- Severe Weather
- Winter Weather Preparedness
Winter Weather Preparedness
Extreme winter weather events are becoming more and more frequent across the state of Texas. Extreme winter weather can last for days, cut off heat, power, and communication services, and puts the elderly and children at elevated risk. Make sure these severe weather events never catch you off guard!
Preparing for Winter Weather
Making a plan before winter weather strikes is crucial to being prepared.
Prep an emergency supply kit for your car including:
- Jumper cables: flares or reflective triangles are great extras
- Flashlights: Replace the batteries before the winter season starts and pack some extras
- First Aid Kit: Also check your purse or bag for essential medications
- Baby, special needs gear: If you have a baby or family member with special needs, pack diapers, and any special formula or food
- Food: Stock non-perishable food such as canned food and a can opener, dry cereal, and protein-rich foods like nuts and energy bars
- Water: Have at least 1 gallon of water per person a day for at least 3 days
- Basic toolkit: Pliers, wrench, screwdriver
- Pet supplies: Food and water
- Radio: Battery or hand cranked
- Cat litter or sand: For better tire traction
- Shovel: To dig out snow
- Ice scraper: Even if you usually park in a garage, have one in the car.
- Clothes: Make sure you dress for the weather in warm clothes, gloves, hat, sturdy boots, jacket, and an extra change of clothes for the cold
- Warmers: Pack extra for body, hands, feet
- Blanketsor sleeping bags: If you get stranded in traffic on a lonely road
- Charged Cell Phone: Keep a spare charger in your car as well
Weatherproofing Your Home and Vehicle
Prepare your home for the cold with insulation, caulking, and weather stripping along windows and doors. Install and test smoke alarms and carbon monoxide detectors with battery backups. Gather supplies in case you need to stay home for several days without power such as food, water bottles, medications, and pet food. Be sure to have batteries on hand for radios and flashlights.
Prepare your car by airing up tires, checking your battery, filling up your gas tank, and reviewing your emergency supply kit.
If you must drive in a winter storm, first check that your route is accessible on DriveTexas. Then, follow these tips:
- Account for extra travel time: Winter weather is sure to slow you down on the road. Leave early and drive safe
- Remove snow and ice: Use an ice scraper to clear the windows and windshield completely
- Buckle up: Secure yourself and children before leaving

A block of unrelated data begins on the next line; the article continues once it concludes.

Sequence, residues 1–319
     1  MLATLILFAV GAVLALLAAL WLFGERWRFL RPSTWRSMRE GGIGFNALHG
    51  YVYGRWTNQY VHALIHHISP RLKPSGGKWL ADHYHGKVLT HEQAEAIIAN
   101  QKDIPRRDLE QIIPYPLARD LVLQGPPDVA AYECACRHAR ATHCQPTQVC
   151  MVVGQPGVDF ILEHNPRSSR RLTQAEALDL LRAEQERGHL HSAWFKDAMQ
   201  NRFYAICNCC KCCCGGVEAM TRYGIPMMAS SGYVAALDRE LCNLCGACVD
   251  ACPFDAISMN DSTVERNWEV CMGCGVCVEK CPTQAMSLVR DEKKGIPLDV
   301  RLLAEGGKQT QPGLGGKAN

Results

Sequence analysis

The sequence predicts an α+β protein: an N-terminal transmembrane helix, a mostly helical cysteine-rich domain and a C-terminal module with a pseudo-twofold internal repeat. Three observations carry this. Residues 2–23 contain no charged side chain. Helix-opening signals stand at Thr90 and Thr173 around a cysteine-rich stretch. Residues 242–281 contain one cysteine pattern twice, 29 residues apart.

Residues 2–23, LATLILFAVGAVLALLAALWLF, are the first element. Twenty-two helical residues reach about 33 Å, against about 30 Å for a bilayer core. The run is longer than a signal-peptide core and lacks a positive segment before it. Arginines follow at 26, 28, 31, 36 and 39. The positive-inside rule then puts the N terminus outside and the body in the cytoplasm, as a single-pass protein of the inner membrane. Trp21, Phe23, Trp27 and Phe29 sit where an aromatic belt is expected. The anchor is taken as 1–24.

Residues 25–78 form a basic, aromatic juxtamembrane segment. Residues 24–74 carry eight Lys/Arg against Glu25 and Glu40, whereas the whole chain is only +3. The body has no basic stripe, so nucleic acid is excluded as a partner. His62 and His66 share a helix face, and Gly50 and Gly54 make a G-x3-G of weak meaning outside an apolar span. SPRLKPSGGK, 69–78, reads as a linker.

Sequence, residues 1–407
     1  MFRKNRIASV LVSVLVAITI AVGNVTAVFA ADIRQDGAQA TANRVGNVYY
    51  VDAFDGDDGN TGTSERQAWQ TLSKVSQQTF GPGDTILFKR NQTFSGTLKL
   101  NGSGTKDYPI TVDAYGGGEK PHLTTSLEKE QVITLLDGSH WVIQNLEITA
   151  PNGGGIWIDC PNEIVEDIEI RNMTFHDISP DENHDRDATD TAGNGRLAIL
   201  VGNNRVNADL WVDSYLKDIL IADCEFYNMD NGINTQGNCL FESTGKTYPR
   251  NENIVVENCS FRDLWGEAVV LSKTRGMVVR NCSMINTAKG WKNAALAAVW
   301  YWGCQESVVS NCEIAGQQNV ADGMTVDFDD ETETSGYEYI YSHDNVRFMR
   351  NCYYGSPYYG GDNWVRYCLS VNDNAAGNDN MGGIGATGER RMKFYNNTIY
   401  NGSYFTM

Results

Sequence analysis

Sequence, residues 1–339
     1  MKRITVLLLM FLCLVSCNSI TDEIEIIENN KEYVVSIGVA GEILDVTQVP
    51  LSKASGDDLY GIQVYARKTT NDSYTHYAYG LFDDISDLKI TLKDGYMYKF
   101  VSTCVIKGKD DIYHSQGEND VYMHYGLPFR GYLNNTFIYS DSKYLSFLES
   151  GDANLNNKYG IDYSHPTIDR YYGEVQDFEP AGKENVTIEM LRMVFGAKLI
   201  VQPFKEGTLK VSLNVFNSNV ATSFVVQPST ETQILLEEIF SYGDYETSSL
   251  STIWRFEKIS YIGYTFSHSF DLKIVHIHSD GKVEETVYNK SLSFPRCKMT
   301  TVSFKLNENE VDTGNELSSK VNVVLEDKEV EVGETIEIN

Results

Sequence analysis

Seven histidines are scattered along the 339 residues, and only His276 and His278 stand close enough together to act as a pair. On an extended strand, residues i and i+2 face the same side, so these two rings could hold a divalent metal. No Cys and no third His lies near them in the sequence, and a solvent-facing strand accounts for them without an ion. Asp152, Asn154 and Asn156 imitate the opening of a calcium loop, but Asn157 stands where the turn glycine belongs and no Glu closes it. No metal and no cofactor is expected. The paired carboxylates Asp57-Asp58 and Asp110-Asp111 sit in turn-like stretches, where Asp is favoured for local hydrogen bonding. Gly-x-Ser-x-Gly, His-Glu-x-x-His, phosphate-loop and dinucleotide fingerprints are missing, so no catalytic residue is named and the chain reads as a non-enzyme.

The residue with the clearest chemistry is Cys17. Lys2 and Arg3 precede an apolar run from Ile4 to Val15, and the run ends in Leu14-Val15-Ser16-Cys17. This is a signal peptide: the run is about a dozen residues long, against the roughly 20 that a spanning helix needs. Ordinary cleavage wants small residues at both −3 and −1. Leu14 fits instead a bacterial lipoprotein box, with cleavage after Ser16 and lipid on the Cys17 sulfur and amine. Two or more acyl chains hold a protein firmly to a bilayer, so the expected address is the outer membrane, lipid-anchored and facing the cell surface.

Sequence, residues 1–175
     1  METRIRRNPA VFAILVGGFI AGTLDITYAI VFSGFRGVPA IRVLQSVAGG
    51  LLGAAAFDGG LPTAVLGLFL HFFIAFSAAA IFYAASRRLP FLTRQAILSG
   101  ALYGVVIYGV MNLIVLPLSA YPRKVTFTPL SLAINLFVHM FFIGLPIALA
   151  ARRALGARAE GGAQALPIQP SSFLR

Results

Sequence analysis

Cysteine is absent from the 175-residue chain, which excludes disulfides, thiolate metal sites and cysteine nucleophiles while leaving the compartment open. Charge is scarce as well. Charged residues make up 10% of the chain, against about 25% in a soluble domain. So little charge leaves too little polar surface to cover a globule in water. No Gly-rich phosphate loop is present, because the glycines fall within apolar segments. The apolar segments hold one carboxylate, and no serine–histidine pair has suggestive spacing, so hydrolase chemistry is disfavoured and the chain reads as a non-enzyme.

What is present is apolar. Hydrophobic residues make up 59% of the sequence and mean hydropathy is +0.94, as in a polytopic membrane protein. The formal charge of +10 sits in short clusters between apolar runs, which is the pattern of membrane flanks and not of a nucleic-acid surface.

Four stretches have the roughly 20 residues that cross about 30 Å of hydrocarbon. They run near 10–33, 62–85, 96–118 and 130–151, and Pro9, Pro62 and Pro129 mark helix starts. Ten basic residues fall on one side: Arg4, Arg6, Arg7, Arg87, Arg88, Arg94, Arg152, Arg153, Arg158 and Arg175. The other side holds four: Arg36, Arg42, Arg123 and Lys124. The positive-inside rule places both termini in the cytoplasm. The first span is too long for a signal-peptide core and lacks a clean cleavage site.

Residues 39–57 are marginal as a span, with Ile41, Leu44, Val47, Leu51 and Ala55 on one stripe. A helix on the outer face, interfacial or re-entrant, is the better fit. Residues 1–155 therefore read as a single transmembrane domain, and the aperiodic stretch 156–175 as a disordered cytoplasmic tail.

- Drive slow: If you're uncertain about the condition of the road, drive 10 miles under the speed limit
- Accelerate and decelerate slowly: Try not to slam on your brakes or rev your engine
- Do NOT use cruise control: You always want to be in control of your vehicle.
- Watch for black ice: Thin, transparent ice that blends in with the color of the pavement, commonly known as black ice, is especially dangerous because it’s hard to spot. The best way to handle black ice is to let up on both the gas and brakes, and keep the wheel straight.
Protecting Pipes in Cold Weather
According to the American Red Cross, water has a unique property in that it expands as it freezes. This expansion puts tremendous pressure on whatever is containing it, including metal or plastic pipes. No matter the strength of a container, expanding water can cause pipes to break. Pipes that freeze most frequently are those exposed to the severe cold outdoors, water supply pipes in unheated interior areas like basements and kitchen cabinets, and pipes that run against exterior walls that have little or no insulation.
Protect your pipes by:
- Draining water from swimming pool and water sprinkler supply lines: Do not put antifreeze in these lines unless directed. Antifreeze is environmentally harmful and is dangerous to humans, pets, wildlife, and landscaping
- Removing, draining, and storing hoses used outdoors: Leaving hoses connected through winter weather, can cause the water to freeze inside the hose bibs, which can cause them to burst
- Open kitchen and bathroom cabinet doors to allow warmer air to circulate
- Keep the thermostat set to the same temperature during the day and at night
- Add insulation to attics, basements, and crawl spaces: Insulation will maintain higher temperatures in these areas
- Locate water supply lines in unheated areas: Check the garage, and under kitchen and bathroom cabinets for hot and cold water pipes and insulate those